There is no such thing as coincidences. The world of thought is delicately interwoven to each person’s intellectual ability. Last night, the Shikkerdovid attended a class given by Rabbi Prager during which we learned Shavout 30. The concept of “Shuduah di dinei” was discussed. Rashi describes this concept as follows: judges making a determination without witness testimony. They rely on their own intuition.
Now the Shikkerdovid has been attending this shiur for over 20 years and all of a sudden, out of nowhere, Rabbi Prager cites to the Holy Ishbitzer- Rav Morechai Yosef Leiner. Rabbi Prager then confides in us that his is Mordechai Yosef. The “Yosef” in his name is for the Holy Ishbizer. He said that the Holy Ishbitzer said Shuda di Dinei relies on divine inspiration. That Hashem’s wisdom comes into the consciousness of the judges and thus a decision is rendered.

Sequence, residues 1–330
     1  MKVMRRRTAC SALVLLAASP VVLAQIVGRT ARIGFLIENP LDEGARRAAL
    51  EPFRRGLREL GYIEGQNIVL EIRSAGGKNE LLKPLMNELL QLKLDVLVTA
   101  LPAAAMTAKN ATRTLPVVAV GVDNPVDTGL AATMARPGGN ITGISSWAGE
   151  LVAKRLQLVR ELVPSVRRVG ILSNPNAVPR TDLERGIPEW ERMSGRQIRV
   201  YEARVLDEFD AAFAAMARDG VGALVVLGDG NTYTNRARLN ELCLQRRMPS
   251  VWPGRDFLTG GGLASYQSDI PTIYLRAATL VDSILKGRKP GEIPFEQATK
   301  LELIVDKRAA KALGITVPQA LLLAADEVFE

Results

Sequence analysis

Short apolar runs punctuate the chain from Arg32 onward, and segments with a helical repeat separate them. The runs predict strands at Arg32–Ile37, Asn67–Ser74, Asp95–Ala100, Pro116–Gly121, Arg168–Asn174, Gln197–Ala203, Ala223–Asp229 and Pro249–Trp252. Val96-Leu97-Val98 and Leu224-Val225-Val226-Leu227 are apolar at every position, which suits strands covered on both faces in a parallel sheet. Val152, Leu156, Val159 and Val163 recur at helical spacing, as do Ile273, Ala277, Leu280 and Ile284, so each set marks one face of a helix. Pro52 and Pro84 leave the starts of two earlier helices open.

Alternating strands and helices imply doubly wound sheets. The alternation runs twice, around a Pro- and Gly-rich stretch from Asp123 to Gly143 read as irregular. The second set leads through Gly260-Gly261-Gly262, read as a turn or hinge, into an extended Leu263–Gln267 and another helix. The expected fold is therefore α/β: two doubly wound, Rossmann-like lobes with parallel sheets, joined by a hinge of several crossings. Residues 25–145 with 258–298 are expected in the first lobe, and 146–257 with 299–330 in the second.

Fast forward to 7am this morning in the daf yomi, Kiddushin 74. WHOMP. There it was: “Shuda Di Dinnei” The idea surfaced in the discussion of a merchant dispute. Two separate Talmudic tractates. Miles apart. Here it was again.Twice in less than 12 hours.
The Shikkerdovid would like to circle back to the Holy Ishbitzer. As Rabbi Prager said: the inspiration for legal decision made by the judges was from Hashem. The same way that sometimes, Judges will rely on Godly inspiration, we must look to Hashem for inspiration- in our learning, our actions, our play (our drinking).
We must take these holy coincidences and derive inspiration.